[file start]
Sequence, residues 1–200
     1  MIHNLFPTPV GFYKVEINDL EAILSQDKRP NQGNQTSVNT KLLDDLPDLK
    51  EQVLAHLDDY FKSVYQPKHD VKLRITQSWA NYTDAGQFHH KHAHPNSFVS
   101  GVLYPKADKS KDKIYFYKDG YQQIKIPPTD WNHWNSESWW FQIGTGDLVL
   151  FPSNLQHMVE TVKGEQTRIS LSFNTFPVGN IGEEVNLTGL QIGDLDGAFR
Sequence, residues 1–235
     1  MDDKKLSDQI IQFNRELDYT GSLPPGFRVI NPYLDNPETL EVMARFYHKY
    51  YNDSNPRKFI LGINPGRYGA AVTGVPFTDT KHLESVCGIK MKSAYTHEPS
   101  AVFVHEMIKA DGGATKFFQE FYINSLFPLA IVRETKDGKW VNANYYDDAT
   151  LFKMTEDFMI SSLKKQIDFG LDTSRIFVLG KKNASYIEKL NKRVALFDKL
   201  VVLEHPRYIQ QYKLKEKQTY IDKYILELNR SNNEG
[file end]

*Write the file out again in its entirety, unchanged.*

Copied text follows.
Sequence, residues 1–200
     1  MIHNLFPTPV GFYKVEINDL EAILSQDKRP NQGNQTSVNT KLLDDLPDLK
    51  EQVLAHLDDY FKSVYQPKHD VKLRITQSWA NYTDAGQFHH KHAHPNSFVS
   101  GVLYPKADKS KDKIYFYKDG YQQIKIPPTD WNHWNSESWW FQIGTGDLVL
   151  FPSNLQHMVE TVKGEQTRIS LSFNTFPVGN IGEEVNLTGL QIGDLDGAFR
Sequence, residues 1–235
     1  MDDKKLSDQI IQFNRELDYT GSLPPGFRVI NPYLDNPETL EVMARFYHKY
    51  YNDSNPRKFI LGINPGRYGA AVTGVPFTDT KHLESVCGIK MKSAYTHEPS
   101  AVFVHEMIKA DGGATKFFQE FYINSLFPLA IVRETKDGKW VNANYYDDAT
   151  LFKMTEDFMI SSLKKQIDFG LDTSRIFVLG KKNASYIEKL NKRVALFDKL
   201  VVLEHPRYIQ QYKLKEKQTY IDKYILELNR SNNEG